Feature Freeze for Ghost of a Tale

Feature Freeze for Ghost of a Tale

In an update released yesterday, Ghost of a Tale creator Seith revealed some exciting news: No new features will be added to Ghost of Tale moving forward towards pre-release.

While some might cry that this means no new exciting things will be added, it should be noted that this feature freeze is done to prevent development devolving into a neverending cycle of adding more and more features at the cost of completeing those features already in place. Seith is showing great direction and vision by declaring this so openly, and very clearly understands what this means:

We now have a very clear idea of what the pre-release needs to be –as well as what it can live without. So rather than attempting to cram in every idea we have, we’re going to make sure that each feature which gets into the pre-release actually works as expected. I prefer the early access game to feel solid rather than overly ambitious and half-broken.

From the rest of the blog-post update, it also seems like Ghost of a Tale is fast approaching near-complete:

Cyrille has recently completed his work on the trigonometry code for our new map system. To be honest at first I was thinking of doing away without a map; huge games like Dark Souls don’t have one. But watching some people attempt to play GoaT without a map system turned out to be an exercise in frustration for all involved….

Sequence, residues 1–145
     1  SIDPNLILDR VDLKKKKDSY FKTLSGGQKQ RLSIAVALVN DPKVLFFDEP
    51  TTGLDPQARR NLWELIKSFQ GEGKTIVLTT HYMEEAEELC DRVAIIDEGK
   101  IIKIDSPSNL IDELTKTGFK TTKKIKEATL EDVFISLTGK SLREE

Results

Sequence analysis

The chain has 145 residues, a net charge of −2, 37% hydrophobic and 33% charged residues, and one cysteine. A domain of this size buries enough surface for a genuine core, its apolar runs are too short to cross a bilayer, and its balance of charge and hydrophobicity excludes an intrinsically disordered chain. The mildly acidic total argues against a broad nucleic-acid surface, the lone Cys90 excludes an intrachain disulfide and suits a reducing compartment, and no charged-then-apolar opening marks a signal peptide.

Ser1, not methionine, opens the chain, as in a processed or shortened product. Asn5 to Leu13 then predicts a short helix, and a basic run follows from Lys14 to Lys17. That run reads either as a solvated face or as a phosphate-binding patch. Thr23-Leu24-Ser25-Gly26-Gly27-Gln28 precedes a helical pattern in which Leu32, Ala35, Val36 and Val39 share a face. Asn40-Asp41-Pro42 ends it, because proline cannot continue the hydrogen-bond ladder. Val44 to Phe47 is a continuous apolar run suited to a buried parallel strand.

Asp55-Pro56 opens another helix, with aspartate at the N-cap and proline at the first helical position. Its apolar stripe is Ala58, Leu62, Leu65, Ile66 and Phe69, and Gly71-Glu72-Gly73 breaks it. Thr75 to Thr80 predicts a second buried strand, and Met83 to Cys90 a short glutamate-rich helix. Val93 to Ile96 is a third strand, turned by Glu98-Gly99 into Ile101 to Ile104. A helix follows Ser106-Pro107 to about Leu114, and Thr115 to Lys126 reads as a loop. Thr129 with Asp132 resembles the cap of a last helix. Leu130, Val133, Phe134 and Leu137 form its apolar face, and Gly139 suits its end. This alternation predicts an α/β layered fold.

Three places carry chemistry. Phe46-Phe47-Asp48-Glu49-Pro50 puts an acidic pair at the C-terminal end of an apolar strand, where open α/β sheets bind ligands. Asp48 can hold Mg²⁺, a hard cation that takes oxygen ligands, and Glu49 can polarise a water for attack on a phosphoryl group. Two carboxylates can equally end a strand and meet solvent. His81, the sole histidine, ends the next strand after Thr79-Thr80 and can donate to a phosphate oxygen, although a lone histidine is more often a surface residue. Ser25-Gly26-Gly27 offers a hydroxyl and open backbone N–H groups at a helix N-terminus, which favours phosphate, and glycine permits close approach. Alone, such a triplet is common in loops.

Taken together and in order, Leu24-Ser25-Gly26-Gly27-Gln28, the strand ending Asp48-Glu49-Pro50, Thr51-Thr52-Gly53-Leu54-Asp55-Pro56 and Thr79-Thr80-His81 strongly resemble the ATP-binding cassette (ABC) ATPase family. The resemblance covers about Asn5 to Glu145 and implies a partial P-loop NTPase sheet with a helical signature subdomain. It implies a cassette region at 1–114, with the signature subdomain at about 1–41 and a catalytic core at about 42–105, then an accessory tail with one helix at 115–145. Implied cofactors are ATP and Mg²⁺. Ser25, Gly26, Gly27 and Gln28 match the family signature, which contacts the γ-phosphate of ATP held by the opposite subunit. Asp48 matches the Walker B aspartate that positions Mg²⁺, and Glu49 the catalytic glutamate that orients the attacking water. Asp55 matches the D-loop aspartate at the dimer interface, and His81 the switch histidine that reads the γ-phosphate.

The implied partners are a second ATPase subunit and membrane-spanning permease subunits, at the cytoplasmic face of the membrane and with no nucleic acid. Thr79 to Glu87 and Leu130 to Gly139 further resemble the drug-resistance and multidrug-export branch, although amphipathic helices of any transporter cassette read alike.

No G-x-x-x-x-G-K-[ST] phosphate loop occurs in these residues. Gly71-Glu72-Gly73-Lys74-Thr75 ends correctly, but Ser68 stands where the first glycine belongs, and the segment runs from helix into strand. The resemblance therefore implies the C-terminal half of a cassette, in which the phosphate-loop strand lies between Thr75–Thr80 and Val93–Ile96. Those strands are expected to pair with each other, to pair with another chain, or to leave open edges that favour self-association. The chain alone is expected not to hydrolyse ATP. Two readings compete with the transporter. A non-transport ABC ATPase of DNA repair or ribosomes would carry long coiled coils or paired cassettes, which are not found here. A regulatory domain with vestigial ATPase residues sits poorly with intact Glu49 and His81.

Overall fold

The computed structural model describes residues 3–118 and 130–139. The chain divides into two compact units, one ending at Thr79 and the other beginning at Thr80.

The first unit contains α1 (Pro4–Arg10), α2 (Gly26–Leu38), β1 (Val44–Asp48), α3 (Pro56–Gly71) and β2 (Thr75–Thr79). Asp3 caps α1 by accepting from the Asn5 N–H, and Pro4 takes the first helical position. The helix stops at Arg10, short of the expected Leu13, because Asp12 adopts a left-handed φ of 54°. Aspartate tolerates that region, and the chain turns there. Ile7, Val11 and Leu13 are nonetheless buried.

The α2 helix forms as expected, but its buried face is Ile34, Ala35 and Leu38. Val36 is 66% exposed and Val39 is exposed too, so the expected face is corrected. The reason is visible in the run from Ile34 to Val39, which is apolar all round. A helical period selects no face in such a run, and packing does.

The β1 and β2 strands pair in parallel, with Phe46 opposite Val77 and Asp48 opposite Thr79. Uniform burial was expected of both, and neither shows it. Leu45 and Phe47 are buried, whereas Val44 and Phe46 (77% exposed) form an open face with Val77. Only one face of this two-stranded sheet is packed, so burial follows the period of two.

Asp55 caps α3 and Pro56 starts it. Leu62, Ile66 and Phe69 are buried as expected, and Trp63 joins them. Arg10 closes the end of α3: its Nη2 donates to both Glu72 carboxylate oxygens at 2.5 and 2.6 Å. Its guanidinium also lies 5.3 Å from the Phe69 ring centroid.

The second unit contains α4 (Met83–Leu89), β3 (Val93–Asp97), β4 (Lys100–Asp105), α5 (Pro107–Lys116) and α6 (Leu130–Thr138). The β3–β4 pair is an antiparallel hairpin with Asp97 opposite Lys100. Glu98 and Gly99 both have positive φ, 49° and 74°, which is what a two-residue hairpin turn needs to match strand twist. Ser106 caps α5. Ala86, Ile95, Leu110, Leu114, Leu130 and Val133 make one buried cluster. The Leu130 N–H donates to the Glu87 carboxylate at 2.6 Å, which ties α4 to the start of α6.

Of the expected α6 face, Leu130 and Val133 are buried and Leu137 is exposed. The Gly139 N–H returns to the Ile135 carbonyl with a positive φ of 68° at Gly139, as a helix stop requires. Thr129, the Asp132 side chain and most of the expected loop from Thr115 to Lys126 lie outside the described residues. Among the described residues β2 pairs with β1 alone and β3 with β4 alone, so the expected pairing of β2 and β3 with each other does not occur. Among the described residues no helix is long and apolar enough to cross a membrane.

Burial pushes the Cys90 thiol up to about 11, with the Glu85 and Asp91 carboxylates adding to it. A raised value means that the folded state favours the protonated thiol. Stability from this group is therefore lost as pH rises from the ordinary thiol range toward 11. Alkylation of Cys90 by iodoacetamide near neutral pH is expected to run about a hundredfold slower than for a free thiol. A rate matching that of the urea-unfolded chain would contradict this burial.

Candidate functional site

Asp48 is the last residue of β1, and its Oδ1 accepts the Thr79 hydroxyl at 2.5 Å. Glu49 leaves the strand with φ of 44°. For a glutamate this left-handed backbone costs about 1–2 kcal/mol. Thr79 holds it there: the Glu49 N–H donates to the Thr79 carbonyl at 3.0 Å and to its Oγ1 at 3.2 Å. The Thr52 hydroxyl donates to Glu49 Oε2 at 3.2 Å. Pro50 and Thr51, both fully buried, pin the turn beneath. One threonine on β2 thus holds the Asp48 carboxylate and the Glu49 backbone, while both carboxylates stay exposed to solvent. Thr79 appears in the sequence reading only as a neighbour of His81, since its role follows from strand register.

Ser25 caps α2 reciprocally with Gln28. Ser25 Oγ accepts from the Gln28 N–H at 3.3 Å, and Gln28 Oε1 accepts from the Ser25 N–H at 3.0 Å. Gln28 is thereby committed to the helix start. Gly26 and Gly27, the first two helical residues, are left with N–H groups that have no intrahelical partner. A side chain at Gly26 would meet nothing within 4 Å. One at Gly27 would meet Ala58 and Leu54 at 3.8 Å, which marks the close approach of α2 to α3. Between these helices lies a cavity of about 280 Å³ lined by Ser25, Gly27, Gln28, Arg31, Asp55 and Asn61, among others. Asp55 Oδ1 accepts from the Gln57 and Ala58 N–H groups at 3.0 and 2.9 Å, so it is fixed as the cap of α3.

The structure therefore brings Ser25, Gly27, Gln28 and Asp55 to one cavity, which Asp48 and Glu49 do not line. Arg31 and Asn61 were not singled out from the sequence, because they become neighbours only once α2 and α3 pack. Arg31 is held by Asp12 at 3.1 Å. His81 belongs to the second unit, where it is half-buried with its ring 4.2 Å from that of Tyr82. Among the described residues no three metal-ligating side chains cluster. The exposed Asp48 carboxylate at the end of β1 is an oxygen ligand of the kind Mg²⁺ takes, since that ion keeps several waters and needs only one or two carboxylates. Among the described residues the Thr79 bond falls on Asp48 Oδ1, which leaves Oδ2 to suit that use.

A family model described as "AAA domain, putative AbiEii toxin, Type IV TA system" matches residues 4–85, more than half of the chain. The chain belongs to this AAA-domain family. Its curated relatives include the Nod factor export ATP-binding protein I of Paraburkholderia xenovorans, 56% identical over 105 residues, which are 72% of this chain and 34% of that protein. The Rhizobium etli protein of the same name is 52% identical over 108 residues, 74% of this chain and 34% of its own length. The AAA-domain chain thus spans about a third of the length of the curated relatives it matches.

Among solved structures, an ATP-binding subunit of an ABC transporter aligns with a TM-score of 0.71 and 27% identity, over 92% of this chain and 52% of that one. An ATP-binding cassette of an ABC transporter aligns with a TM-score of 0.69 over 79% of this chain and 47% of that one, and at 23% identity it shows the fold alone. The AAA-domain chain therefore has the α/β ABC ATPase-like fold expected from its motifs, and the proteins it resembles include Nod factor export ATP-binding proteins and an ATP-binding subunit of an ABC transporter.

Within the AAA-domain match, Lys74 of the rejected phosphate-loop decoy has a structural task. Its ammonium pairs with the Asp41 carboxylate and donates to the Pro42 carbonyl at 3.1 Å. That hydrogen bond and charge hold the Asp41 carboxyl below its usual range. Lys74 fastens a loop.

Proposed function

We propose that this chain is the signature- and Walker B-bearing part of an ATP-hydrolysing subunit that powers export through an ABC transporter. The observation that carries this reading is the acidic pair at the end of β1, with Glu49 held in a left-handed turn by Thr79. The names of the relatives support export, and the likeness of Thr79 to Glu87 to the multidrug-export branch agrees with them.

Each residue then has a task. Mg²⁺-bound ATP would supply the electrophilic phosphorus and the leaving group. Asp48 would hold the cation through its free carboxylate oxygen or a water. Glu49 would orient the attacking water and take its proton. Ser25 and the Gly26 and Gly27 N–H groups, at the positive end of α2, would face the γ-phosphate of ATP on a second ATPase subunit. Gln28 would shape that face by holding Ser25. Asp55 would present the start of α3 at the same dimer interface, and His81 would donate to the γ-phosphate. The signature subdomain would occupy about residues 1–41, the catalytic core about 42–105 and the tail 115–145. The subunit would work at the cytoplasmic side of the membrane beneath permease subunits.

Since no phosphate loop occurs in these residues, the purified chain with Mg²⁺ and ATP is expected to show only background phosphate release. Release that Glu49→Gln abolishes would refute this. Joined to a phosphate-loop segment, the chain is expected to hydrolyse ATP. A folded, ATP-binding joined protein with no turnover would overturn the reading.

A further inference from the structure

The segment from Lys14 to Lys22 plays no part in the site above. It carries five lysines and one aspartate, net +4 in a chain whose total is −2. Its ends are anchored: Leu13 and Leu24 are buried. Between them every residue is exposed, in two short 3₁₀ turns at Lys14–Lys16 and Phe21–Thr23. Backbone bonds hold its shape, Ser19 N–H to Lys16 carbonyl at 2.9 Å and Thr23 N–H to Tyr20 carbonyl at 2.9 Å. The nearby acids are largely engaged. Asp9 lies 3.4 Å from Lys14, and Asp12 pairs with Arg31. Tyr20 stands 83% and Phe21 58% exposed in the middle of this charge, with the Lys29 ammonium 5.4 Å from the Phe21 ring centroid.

Paul did a lot of work during the last few weeks polishing the quests and dialogs. It’s all coming together quite nicely! For example in this GIF [See Below], Tilo finds a mysterious message that triggers a new quest (sorry the picture is rather small, but that way you won’t be spoiled!)….

Finally in terms of work left to do, the big chunks are: AI, 2D art, UI, animations and a couple of game mechanics that still need to be implemented.

 

 

 

That GIF, am I right?

We will be sure to bring you more news on Ghost of a Tale as it creeps nearer and nearer!

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Editor-in-Chief of IndieHangover.com. With a soft spot for epics, sagas and tales of all types, Jacob approaches games as ways to tell stories. He's particularly interested in indie games because of the freedom they have to tell different stories, often in more interesting and innovative ways than Triple A titles.

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